• Price-per-litre trends over time for these countries, with and without taking into account inflation and currency fluctuations.
  • Amount and proportion of the price-per-litre that is tax, with trends over time.
  • Total national spend (not made up numbers), with population, number of cars, etc, for comparison.  (Because paying more for petrol is not the same as spending more on petrol, and the latter probably says far more interesting things.)

And probably more.  But I looked in the obvious places and found nothing, and I will obviously not be compiling the datasets myself from each individual data point.  Surely there must be databases for this sort of thing?  I’m a science guy.  This sort of basic data is what scientists have free and publicly accessible databases with powerful querying tools for.  I’m used to having silly ideas and being able to instantly try them against the vast databases of already collected data.  I want a database for this sort of thing.  Is there one?  If it exists, it’s well hidden. I know all of the data exists, it’s just not accessible and easy to use…


“Driving has never cost more”

End to the war on the motorists?  No, driving’s never cost more,” declares Mark King, Money Editor, in The Observer today.  To be fair to King, he doesn’t actually say anything as absurd as that driving has “never cost more” in his article — but newspaper headline writers have never let reality or the actual content of an article get in their way.

Why would a headline writer, having glanced at a boring but reasonable article about saving money, think to write “driving’s never cost more”?  Where did they get that idea from?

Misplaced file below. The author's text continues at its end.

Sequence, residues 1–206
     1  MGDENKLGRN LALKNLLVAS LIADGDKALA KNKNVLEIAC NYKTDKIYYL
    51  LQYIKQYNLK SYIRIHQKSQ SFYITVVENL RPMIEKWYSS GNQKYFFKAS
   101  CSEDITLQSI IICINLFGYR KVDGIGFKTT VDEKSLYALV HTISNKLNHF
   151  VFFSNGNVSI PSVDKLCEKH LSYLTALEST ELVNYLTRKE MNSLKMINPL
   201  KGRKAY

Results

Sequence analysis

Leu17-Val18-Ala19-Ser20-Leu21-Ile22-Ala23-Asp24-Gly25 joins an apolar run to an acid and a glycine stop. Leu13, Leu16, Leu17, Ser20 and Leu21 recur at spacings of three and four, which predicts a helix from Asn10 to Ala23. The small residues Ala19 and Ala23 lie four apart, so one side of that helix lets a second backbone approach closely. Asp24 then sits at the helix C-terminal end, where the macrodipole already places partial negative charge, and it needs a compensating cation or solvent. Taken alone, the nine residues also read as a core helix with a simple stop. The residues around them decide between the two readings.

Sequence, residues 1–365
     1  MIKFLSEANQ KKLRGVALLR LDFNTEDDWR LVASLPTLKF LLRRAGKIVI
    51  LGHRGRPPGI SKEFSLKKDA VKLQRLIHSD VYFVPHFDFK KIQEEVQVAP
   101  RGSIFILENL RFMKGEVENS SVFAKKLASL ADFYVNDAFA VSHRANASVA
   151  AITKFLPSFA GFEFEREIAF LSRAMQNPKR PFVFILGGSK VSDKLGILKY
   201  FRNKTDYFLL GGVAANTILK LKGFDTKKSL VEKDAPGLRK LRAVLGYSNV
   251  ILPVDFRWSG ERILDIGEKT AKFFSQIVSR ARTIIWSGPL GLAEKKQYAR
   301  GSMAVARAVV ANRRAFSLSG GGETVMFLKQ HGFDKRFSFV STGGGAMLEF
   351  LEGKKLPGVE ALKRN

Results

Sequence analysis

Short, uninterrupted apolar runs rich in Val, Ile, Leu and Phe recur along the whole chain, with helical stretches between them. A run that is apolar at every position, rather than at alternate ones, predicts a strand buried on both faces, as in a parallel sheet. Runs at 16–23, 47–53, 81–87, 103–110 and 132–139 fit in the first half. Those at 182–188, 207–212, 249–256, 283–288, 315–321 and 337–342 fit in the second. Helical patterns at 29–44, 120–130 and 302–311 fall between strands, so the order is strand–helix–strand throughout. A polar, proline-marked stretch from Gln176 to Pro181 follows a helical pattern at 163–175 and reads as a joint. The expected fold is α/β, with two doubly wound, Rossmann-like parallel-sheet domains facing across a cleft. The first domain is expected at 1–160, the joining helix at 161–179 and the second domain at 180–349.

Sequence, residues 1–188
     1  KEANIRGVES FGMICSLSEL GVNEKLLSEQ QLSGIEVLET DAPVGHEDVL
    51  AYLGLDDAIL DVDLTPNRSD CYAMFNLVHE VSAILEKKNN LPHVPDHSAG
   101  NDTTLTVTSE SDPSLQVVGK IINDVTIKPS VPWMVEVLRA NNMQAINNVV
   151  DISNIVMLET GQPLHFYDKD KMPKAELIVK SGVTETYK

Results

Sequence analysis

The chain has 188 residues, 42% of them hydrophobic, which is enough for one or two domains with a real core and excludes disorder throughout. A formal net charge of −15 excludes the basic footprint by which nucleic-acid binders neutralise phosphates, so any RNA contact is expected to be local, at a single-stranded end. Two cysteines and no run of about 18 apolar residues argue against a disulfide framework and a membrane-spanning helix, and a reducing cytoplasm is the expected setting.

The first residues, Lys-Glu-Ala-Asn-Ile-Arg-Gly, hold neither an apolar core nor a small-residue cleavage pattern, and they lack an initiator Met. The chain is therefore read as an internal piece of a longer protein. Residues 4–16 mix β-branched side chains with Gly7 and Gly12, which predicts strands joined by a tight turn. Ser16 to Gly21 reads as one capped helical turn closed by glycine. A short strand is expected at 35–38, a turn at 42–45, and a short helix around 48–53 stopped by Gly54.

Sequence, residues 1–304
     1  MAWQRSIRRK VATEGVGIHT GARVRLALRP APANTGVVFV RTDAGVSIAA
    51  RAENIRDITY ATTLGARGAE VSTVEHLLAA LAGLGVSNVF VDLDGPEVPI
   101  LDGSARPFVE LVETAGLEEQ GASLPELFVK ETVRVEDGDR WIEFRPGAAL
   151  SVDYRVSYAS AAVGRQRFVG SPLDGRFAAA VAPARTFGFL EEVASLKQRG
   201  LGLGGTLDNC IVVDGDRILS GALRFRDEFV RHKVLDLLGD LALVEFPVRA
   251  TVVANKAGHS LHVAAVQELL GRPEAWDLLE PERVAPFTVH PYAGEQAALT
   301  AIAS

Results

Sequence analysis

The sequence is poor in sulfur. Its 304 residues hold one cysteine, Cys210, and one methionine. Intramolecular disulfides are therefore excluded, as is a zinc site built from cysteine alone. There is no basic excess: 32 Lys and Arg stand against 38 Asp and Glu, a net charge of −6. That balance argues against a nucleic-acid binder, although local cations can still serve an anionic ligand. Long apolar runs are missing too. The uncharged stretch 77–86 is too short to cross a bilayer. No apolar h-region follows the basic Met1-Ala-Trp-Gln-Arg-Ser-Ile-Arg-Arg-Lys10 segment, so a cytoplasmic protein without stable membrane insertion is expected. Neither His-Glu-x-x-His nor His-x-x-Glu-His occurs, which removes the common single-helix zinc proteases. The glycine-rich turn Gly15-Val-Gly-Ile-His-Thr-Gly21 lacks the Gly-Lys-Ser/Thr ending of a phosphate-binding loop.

Are cars more expensive than ever?

You would guess not: the manufacturing process has become vastly more efficient over the decades.  But it was really difficult to find data on this.  By difficult, I mean Google, Google Scholar, Wikipedia and WolframAlpha all failed to find anything useful with my keywords (thanks perhaps to the hundreds of excellently search engine optimised spam sites), and I’m too lazy to do proper research.  Instead, I pulled out a quick and crude graph of the US consumer price index for new cars compared to that for all items, showing how the cost of purchasing a car has fallen compared to general inflation in the cost of living.  (Obviously there is a plethora of caveats with this data and the contributory factors to the cost of living over here are quite different to the US — if anybody can find a more appropriate data set, please let me know.  Data from the UK for 1997-2009 is given further down the page, and shows a massive fall in the price of a new car even over that short time.)

Is fuel more expensive than ever?

Mark King could have read his own newspaper to find out that, no, fuel is not more expensive than ever.  Fuel prices are high, and Motorists can’t hide from the fact that dwindling resources are ever more difficult and dangerous to harvest.  They’re at the top-end of the post-war range, but not outside of the range that we should be used to:

That must be because oil is getting cheaper, right?  Because everybody knows that fuel tax is always going up.  Actually, as Mark King’s own editor pointed out in October, thanks to repeated freezes in fuel tax to appease the tabloids and roads lobby fuel duty remained 11% down on 1999 rates when inflation was taken into account.